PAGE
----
• Bob DylanBob Dylan lead me to Jesus, well kind of.
  • Smog – Listening to Smog is like reading literature, his lyrics remind me of both Steinbeck and Dylan Thomas; a simplicity with profundity.  He sings the way I want to write.
  • Pedro the Lion, which has recently retired, is David Bazen’s personal project that has a constant satyrical language, which has helped me to think critically about my faith and the world around it.

Well there’s enough of my list of influences how about you?
Feel free to be as brief or in-depth as you’d like and if you want to write it on your blog and ping
back to here go for it.

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7 responses to “Reflecting On Your Influences”

  1. Hey Wes~

    Just wanted to let you know about my latest post (talks about vegetarianism and world hunger).

    Thought you might be interested.

    b blessed

  2. Alright, I will do my best to try to provide some sort of glimpse of the influences in my life.

    Paul Simon–Especially the album “Graceland”. The tirbal sounds from Africa have provided a wonderfully rhytmic reflection for me. Plus, I used to listen to this album with my father as a child.

    Jack Johnson–What can I say? I love the acoustic sound of Jack and the reflections he makes on every day things. And he is a very nice guy (he was a customer at the bank I worked at)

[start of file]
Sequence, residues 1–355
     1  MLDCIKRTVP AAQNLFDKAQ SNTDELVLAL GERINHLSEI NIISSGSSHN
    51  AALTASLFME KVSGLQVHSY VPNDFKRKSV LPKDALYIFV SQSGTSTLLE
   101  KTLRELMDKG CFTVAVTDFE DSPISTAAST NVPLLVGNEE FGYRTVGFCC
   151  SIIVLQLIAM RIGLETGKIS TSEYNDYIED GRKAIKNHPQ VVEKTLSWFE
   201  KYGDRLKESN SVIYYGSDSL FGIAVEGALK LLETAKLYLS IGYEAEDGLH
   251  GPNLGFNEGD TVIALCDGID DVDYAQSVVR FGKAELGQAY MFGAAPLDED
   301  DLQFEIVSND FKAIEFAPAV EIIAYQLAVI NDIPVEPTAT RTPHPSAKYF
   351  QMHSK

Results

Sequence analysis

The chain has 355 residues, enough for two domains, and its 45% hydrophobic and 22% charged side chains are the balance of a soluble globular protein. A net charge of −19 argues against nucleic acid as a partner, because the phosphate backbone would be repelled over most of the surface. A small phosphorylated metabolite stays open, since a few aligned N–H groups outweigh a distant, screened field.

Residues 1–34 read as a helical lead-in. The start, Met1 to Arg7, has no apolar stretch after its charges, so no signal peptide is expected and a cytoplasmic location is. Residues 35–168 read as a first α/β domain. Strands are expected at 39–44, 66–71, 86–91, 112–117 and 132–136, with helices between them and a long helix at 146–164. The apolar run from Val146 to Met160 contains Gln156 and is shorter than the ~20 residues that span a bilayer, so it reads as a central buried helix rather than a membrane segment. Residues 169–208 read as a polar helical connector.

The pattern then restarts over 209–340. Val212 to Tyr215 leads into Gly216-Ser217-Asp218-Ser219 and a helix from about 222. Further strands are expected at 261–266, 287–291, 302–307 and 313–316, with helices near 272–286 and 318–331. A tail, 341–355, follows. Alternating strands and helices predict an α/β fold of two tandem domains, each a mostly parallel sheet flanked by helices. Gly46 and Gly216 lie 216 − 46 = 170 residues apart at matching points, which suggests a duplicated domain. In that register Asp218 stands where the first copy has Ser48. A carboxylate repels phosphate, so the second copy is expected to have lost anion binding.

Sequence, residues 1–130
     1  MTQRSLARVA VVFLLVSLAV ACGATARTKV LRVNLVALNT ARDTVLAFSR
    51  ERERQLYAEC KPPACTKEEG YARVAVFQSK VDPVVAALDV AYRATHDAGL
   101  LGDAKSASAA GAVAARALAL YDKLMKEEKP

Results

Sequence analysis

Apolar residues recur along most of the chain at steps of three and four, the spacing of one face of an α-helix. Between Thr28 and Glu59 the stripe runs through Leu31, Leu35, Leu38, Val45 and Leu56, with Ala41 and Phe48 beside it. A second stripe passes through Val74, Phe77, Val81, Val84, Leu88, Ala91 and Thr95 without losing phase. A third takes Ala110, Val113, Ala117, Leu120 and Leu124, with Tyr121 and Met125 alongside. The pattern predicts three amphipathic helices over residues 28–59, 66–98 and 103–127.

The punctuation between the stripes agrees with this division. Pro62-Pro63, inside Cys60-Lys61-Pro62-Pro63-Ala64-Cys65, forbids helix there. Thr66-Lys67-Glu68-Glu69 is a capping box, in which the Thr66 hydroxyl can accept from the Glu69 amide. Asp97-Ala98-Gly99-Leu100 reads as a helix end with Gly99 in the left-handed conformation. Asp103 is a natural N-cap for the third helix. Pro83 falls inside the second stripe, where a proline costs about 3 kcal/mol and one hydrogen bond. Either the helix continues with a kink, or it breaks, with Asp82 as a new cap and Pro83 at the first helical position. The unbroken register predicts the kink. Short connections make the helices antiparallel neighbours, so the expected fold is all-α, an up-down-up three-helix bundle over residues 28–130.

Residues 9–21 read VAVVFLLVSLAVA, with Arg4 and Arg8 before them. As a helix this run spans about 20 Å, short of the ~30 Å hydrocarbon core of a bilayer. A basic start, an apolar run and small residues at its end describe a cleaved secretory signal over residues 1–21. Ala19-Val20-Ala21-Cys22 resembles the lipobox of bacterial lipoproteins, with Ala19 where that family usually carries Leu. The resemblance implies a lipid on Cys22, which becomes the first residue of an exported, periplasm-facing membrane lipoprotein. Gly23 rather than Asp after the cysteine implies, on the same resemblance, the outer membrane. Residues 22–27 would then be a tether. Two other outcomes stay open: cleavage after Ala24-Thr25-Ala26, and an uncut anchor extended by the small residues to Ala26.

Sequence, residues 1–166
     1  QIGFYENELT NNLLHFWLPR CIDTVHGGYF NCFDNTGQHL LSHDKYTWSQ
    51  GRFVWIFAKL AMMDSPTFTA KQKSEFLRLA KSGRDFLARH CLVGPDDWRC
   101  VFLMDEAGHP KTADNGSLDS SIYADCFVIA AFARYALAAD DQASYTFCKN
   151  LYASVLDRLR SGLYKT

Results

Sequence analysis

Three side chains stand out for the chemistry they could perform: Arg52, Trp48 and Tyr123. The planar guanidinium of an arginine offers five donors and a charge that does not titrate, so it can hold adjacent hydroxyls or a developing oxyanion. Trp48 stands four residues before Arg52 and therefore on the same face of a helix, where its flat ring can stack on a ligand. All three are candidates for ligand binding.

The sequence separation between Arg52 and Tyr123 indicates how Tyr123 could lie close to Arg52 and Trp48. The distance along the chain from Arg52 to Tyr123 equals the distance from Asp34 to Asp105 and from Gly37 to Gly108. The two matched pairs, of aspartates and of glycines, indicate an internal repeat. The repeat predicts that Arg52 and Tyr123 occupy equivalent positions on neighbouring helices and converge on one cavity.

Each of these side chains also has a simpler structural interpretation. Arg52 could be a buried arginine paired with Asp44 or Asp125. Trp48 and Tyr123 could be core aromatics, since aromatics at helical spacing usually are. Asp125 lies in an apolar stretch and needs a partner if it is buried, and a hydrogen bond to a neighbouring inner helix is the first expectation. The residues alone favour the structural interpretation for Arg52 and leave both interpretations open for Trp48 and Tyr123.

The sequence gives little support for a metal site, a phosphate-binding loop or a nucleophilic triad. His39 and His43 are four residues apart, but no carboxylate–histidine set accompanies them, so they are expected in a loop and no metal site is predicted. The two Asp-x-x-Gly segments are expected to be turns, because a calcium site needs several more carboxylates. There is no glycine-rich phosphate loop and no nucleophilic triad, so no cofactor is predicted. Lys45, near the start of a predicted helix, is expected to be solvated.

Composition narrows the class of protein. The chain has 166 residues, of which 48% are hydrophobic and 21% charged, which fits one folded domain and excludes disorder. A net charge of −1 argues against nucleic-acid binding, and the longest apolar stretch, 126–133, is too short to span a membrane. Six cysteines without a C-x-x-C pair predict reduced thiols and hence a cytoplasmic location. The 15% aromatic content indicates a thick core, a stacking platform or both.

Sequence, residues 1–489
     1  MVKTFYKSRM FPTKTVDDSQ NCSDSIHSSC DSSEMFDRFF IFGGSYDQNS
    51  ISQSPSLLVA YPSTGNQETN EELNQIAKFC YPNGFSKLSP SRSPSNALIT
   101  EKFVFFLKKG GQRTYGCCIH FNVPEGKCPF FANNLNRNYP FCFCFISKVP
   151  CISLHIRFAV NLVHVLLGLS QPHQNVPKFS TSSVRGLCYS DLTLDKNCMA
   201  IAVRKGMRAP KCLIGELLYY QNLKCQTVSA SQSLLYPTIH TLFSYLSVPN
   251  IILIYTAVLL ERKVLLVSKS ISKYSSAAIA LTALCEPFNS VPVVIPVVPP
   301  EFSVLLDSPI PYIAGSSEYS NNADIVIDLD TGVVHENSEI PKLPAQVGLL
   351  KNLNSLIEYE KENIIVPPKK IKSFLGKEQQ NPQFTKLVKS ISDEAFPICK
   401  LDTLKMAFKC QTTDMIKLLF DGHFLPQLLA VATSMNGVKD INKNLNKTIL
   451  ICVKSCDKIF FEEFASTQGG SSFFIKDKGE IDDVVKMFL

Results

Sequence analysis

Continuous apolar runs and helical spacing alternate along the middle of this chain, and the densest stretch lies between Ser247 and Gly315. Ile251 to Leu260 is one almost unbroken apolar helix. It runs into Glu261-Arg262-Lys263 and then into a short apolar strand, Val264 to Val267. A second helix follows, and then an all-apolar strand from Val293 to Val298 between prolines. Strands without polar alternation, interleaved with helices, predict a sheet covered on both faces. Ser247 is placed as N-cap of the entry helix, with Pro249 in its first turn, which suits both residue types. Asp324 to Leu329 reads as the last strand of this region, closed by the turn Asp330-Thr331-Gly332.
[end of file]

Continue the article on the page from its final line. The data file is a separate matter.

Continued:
Death Cab for Cutie–Okay, as you can tell I like laid back rock.

    Hepcat, Toots and the Maytals, Skavoovie and the Epitones–Excellent Ska of all varieties


    Brian McLaren–I owe a lot of what McLaren has been writing to helping me beging the conversation of the Emerging Church.

    Orson Scott Card–one of the few sci-fi writers I love…check out the Enders Game series

    Anne Lamott–Her beautiul honesty has opened my eyes to a very different type of spirituality.

    Henri Nouwen–Need I say more?

  3. Music-

    Mark Heard – Not a very well known singer/songwriter, but an incredible lyric writer. I would venture to say that his lyrics are some of the best ever written. He had a heart-attack while playing at the Cornerstone music festival in 1992 and died just a few weeks after. I definitely would encourage anyone to check him out, especially his last three albums (Dry Bones Dance, Second Hand, and Satellite Sky).

    Elvis Costello – He is someone who is intensely passionate about music and someone who is always willing to take creative chances. That is not something that many musicians do, but he is constantly experimenting and evolving. Plus, he has a sharp wit and can turn a phrase with the best of them.

    The Band – These guys started off as Dylan’s backup band, but they record some of the finest tracks in music history on their own. Their principle songwriter, Robbie Robertson, had an uncanny ability to capture the American ethos in song. Simply put, he is a master storyteller.